The public is still waiting to hear from investigators whether the first non-military midair collision between a drone and helicopter occurred this past November in California.
On Nov. 23, a Robinson Helicopter R22 operated by Los Angeles Helicopters made an emergency landing during a cross-country training flight after its windscreen was partially shattered. A lack of residual bird matter, along with previous experience of bird strikes that hadn’t caused noticeable damage, led the operator to believe it had been a drone in spite of the fact that neither pilot nor flight instructor saw what hit the screen.
The FAA told R&WI that investigations would determine such things as whether there was a paint transfer indicating contact with an artificial object. Keith Newmeyer, chief test engineer with Robinson Helicopter, said a bird could conceivably have caused the damage, but added that theoretically an object “the size of a quarter, striking the windscreen in the right place” also could cause a crack.
No other midair collisions have been confirmed outside the military, though the public has made many assumptions prior to investigations. Flightglobal reported that a drone may have collided with a “light aircraft” on Aug. 30, 2015, in Norway, though the Norwegian Civil Aviation Authority apparently declined to offer further details. Another alleged collision between a Piper PA-23 and a drone over Romeoville, Illinois on Aug. 27, 2015, later was found to be a bird strike, according to AVweb. Both incidents involved fixed-wing aircraft.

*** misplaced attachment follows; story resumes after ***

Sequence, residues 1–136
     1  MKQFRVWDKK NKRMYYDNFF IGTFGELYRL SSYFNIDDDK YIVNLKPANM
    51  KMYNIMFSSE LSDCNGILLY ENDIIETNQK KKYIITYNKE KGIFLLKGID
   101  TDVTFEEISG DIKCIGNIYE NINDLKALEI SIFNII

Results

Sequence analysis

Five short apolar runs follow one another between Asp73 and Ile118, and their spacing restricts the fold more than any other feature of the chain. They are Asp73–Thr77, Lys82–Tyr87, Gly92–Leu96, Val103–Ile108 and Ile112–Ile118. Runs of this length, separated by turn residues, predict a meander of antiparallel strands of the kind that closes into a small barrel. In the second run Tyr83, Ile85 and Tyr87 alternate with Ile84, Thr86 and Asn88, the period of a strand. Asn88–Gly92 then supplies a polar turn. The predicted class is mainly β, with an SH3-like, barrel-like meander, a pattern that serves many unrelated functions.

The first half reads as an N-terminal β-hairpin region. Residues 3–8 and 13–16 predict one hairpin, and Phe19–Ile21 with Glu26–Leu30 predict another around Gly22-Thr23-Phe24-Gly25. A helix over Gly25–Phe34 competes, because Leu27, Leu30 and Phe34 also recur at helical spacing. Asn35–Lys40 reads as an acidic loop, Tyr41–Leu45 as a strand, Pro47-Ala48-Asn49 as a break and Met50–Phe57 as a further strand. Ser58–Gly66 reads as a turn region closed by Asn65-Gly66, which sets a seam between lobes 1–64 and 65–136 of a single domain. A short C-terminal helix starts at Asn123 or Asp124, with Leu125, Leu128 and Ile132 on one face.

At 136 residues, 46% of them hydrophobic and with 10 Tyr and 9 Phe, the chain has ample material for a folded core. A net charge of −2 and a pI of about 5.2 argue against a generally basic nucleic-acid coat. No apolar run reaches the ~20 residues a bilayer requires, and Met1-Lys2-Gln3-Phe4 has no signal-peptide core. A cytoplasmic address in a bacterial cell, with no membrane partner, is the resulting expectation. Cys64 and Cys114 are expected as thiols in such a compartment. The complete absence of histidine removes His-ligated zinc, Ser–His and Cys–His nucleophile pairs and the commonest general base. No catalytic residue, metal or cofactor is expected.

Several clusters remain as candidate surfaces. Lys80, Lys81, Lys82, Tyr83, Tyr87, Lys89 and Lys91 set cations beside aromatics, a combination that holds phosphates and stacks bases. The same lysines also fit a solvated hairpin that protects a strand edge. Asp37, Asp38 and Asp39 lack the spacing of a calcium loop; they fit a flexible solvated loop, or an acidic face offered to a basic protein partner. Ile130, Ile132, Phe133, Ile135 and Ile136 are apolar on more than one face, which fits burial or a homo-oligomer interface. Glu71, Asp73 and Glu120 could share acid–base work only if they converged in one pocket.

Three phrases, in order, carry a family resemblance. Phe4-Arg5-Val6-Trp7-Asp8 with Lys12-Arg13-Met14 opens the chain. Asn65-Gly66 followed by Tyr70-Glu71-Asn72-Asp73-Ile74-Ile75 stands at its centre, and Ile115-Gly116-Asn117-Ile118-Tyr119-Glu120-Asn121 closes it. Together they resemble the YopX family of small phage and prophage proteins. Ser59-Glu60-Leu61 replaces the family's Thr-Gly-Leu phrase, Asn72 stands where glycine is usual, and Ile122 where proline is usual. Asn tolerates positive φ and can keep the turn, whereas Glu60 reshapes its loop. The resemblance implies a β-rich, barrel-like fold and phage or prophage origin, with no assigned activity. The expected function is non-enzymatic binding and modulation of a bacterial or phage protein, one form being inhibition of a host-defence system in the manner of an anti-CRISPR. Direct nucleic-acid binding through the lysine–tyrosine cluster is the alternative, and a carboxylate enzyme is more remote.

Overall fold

UPDATE 1/21 4:15 p.m. EST: The FAA told R&WI that its investigations could not determine the source of the impact. The agency sent pieces of the R22 windscreen for DNA testing and performed visual inspections. The tests found no evidence of bird remains or DNA. However, the agency also did not find evidence of a drone impact. "Neither the pilots nor any witnesses on the ground reported seeing a drone before the windscreen cracked," said the agency. "No drone debris was found in the aircraft or reported on the ground." Investigators also were unable to determine if the windscreen crashed due to flaws in the materials or installation.